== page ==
Defendants rely on the Restatement (Second) of Torts § 317 (1965), and Pennsylvania caselaw applying it, for the proposition that a negligent supervision claim can only be maintained against an employer where the relevant employee's negligent acts were committed outside the scope of employment. (Defs.' Mot. 7-8.) Section 317 is not, however, the only potential authority on the liability of an employer for failing to properly supervise its employees. The Restatement (Second) of Agency § 213 (1958) has also been applied by Pennsylvania courts to impose liability on corporations for negligent supervision and hiring. See, e.g., Heller v. Patwil Homes Inc., 713 A.2d 105, 107-09 (Pa. Super. Ct. 1998) (analyzing claims for negligent hiring and supervision under § 213).

Unlike Restatement (Second) of Torts § 317, Restatement (Second) of Agency § 213 does not require that employees act outside the scope of their employment, and it contemplates potential concurrent liability for employers under both § 213 and respondeat superior. See Restatement (Second) of Agency § 213 cmt. h (1958) ("In a given case the employer may be liable both on the ground that he was personally negligent and on the ground that the conduct was within the scope of employment."). Moreover, the Supreme Court of Pennsylvania has recognized that an employer may be independently liable for negligent instructions and directions, irrespective of the relevant employee's liability. See Pryor v. Chambersburg Oil & Gas Co., 103 A.2d 425, 429 (Pa. 1954) (citing Restatement (Second) of Agency § 213 cmt. h). Thus plaintiffs' negligent supervision claim is not deficient for failing to allege that Freedman acted outside the scope of his employment.

Even if defendants are correct that a negligent supervision claim requires that the relevant employees have acted outside the scope of their employment, plaintiffs may offer alternative theories of liability. Taylor v. Pathmark Stores, Inc., 177 F.3d 180, 189 (3d Cir. 1999) ("[P]laintiff may plead in the alternative, and our caselaw finds no difficulty with pairing the two claims in one complaint.");Fed. R. Civ. P. 8(d)(3) ("A party may state as many separate claims or defenses as it has, regardless of consistency."). To the extent it was not initially clear to defendants that this claim was potentially an alternative theory of liability, given plaintiffs' response defendants are now fairly on notice and may respond accordingly in their answer. (Pls.' Resp. 4 ("The allegations of fraud, malfeasance and subterfuge set forth against both defendants were either implicitly done with the consent of [the Squire Firm], or intentional acts committed by Freedman outside the scope of his employment.").)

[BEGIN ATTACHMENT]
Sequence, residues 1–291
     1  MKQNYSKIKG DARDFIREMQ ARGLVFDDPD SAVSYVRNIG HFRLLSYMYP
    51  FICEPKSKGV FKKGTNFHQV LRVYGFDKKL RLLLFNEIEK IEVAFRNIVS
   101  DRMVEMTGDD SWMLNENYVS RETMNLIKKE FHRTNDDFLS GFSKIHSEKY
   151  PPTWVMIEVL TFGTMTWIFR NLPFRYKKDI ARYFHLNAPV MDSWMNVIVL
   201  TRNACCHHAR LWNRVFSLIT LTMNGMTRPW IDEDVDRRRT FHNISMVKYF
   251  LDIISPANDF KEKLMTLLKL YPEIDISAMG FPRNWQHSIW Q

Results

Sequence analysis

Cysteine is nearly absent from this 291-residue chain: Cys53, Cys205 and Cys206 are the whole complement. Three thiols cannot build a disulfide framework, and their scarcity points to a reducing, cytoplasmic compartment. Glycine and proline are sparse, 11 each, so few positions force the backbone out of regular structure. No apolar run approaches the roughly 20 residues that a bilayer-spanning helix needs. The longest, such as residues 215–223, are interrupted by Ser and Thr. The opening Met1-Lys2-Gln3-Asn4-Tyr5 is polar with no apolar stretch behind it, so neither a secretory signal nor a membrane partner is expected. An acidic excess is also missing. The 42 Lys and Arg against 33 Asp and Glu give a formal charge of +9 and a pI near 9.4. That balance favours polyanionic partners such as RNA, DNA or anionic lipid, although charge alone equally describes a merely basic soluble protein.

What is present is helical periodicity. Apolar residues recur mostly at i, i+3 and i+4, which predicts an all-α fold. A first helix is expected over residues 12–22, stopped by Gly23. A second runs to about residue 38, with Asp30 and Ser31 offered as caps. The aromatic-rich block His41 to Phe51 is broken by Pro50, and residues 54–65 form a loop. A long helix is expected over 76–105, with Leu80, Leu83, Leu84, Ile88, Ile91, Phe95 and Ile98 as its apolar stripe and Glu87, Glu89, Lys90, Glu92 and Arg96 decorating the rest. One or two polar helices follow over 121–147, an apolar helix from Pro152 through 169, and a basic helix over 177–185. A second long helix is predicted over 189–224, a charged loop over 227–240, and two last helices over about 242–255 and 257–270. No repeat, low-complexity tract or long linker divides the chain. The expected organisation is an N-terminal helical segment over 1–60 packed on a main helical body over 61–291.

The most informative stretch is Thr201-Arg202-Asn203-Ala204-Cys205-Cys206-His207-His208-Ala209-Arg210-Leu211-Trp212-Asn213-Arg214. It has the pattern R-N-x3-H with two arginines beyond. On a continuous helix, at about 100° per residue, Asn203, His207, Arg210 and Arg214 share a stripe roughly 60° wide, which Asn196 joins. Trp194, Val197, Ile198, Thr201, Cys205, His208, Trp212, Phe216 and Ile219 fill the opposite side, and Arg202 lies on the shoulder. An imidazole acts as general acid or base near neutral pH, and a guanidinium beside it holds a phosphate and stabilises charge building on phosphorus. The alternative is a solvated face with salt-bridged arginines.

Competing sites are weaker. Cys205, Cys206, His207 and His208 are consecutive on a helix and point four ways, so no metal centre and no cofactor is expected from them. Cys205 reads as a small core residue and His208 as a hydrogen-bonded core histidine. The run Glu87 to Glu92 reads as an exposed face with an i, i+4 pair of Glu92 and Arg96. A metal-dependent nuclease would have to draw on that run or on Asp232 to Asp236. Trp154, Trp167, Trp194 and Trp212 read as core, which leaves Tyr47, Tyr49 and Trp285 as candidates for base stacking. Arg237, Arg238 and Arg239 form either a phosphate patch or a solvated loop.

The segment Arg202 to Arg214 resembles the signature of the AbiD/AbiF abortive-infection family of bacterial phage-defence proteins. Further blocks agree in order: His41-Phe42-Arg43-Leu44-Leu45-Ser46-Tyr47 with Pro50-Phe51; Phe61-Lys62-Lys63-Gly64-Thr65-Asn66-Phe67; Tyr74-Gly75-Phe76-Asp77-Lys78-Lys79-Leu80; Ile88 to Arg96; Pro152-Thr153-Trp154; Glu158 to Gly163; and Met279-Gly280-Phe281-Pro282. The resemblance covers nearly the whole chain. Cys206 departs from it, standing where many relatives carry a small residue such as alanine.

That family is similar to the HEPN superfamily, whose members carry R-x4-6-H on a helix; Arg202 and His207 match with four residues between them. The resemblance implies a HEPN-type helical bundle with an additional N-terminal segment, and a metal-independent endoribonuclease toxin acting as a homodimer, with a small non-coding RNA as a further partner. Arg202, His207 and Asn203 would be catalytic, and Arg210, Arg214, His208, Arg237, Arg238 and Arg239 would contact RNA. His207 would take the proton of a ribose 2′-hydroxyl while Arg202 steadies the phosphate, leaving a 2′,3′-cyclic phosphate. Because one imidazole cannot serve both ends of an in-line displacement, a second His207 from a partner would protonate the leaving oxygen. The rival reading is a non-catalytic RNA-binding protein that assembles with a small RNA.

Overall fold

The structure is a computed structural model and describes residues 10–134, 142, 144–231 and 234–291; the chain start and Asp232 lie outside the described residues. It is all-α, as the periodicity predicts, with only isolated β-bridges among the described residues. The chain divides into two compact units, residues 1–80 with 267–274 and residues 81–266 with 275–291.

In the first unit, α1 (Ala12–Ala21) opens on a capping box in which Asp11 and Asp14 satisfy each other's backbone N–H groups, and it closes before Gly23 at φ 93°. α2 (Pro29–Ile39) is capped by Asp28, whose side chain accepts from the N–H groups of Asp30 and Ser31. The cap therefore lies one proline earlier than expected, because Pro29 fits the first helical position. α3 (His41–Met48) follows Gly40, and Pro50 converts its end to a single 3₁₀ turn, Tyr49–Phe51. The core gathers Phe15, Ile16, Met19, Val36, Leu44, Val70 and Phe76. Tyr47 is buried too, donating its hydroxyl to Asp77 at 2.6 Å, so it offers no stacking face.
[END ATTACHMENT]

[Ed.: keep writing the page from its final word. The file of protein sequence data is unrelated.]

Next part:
Whether as an alternative or an independent theory of liability, plaintiffs have pleaded sufficient facts to support their claim for negligent supervision.

. D. Count V - Punitive Damages

Defendants argue that plaintiffs' claim for punitive damages should be dismissed because the complaint alleges facts that, at most, support a finding of ordinary negligence. Plaintiffs have, however, alleged sufficient facts to support their request for punitive damages.

Under Pennsylvania law, "[p]unitive damages may be appropriately awarded only when the plaintiff has established that the defendant has acted in an outrageous fashion due to either 'the defendant's evil motive or his reckless indifference to the rights of others.'" Phillips v. Cricket Lighters, 883 A.2d 439, 445 (Pa. 2005) (quoting Martin v. Johns-Manville Corp., 494 A.2d 1088, 1096 (Pa. 1985)). A punitive damages claim "must be supported by evidence sufficient to establish that (1) a defendant had a subjective appreciation of the risk of harm to which the plaintiff was exposed and that (2) he acted, or failed to act, as the case may be, in conscious disregard of that risk." Hutchison v. Luddy, 870 A.2d 766, 772 (Pa. 2005) (citing Martin, 494 at 1097-98).

Defendants rely on McCartney v. Dunn & Conner, Inc., 563 A.2d 525 (Pa. Super. Ct. 1989) to argue that plaintiffs have alleged facts that, at most, support a finding of ordinary negligence that does not support an award of punitive damages. However, McCartney was an appeal from a grant of summary judgment after discovery. Moreover, the allegations deemed insufficient in McCartney*fn13 did not involve the kind of conscious wrongdoing plaintiffs allege in this case. Here, plaintiffs have not only alleged that defendants failed to make a necessary filing to prosecute their claim, but also that defendants subsequently engaged in a pattern of deliberate conduct that concealed and exacerbated that original mistake. (See Compl. ¶ 67 ("Plaintiffs . . . suffered injuries, damages and losses as a direct and proximate result of . . . the Defendants' efforts to lie, hide and obscure [their] initial malpractice . . . .").) Even if the original mistake alone is insufficient, plaintiffs' allegations as a whole provide sufficient factual content to support a plausible claim for punitive damages.

IV. Conclusion

For the foregoing reasons I conclude that plaintiffs have properly pleaded each of their claims, and I will deny defendants' motion to dismiss.